Hahaha - oops! Is Your Pelvic Floor as Weak as a Kitten? Then Try This.
It used to be called a jumpoline ’til your mum got on it.
The prevailing view of our reproductive organs is that while they get some action, they don’t actually do anything themselves. This idea is debunked in this article:
“The pelvic floor muscles play a pivotal role with respect to vaginal and sexual function, their contractions facilitating and enhancing sexual response. They contribute to arousal, sensation during intercourse and the ability to clench the vagina and firmly “grip” the penis. The strength and durability of their contractions are directly related to orgasmic potential since the pelvic muscles are the “motor” that drives sexual climax and can be thought of as the powerhouse of the vagina. During orgasm, the pelvic floor muscles ‘shudder.’
There is great variety in the bulk, strength, power and voluntary control of the pelvic floor muscles that support the vagina. Some women are capable of powerfully “snapping” their vaginas, whereas others cannot generate even a weak flicker.”
The most obvious signs of a weak pelvic floor are leaking when coughing, sneezing, running and even worse, laughing. Other symptoms include:
failing to reach the toilet in time
uncontrollably breaking wind from either the anus or vagina when bending over or lifting
reduced sensation in the vagina
tampons that dislodge or fall out
a distinct bulge at the vaginal opening
a sensation of heaviness in the vagina.
The most common advice is to strengthen the pelvic floor with Kegel exercises - regularly squeezing the vaginal and anal sphincters to build up muscle strength. After I give birth to my daughter I found that I sometimes had the dribbles and so I did these religiously for weeks. They didn’t make any difference at all. It was quite a terrifying prospect to think that I would stuck with this hopeless pelvic floor forever, but then something wonderful happened.
One of my favourite things in life is trampolining, and as soon as I was up to it post-birth, I got out my mini trampoline and had my first joyful bounce. What I wasn’t expecting was that I would instantly wet myself all down my legs and all over my beloved trampoline. It was quite shocking. Undeterred, and after a tiresome clean-up job, I bought a maxi pack of maxi pads (I think they were the maternity ones) and started again. I usually bounce for about 20 minutes every other day, and the first few times I had to change pads 2-3 times. But after a couple of weeks I only had to change pads once and after 3 weeks I realised that I didn’t need them at all. At the same time the day-to-day leaks stopped and after a while I realised that the old girl was back to her old self - plumped, moisturised, responsive and happy. I also lost weight and got my glow back. I can safely say that I now have the pelvic floor and vaginal musculature of my teenage years. I think that the movement against gravity and the focus on balance and stability while trampolining forces big and small muscles to contract, toning the whole area.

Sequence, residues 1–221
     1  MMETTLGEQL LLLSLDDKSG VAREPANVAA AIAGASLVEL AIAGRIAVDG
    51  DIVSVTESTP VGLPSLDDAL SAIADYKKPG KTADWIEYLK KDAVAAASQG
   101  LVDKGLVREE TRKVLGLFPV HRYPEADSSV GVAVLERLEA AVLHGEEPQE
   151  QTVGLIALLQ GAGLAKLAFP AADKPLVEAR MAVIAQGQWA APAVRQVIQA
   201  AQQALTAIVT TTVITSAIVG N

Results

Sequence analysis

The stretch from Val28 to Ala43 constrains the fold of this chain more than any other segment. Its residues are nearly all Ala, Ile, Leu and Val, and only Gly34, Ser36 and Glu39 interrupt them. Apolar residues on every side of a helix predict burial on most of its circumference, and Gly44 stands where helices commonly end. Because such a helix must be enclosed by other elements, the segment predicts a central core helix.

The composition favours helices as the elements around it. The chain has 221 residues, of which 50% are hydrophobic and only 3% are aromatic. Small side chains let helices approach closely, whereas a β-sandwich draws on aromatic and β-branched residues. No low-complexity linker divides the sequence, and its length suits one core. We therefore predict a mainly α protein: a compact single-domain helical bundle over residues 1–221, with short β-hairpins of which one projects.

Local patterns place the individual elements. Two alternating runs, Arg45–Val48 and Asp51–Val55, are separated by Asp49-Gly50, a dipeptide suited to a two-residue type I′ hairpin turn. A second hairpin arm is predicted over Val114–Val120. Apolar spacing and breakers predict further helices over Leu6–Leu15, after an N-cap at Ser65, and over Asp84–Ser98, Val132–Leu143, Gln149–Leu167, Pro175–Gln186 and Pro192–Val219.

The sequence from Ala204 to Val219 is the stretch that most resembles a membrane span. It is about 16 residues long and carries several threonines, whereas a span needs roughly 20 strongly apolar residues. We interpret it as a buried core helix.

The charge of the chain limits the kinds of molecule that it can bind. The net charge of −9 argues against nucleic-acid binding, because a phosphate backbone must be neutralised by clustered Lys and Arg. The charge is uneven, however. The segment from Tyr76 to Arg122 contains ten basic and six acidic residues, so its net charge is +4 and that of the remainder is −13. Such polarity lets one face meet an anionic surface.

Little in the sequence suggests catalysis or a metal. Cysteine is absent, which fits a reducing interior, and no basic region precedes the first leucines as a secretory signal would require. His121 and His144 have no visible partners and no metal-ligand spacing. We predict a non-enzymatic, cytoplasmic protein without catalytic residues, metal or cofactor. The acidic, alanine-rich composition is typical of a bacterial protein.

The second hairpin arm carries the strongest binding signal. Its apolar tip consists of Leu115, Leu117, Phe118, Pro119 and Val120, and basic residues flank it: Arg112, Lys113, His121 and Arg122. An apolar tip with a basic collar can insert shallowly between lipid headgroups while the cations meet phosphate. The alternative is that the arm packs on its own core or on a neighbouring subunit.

The pelvic floor is made of 2 muscles that intertwine under the bladder, the bowels and uterus, holding these organs in place. The phrase ‘pelvic floor’ suggests that this is something that is flat, solid and rigid, like a floor. In fact its the opposite of a floor - it is exactly like a trampoline! These muscles should be taut but stretchy and precisely the right length. When the pelvic floor* is weak, it’s like a hammock instead of a trampoline - it has lengthened and weakened, and lost its purpose.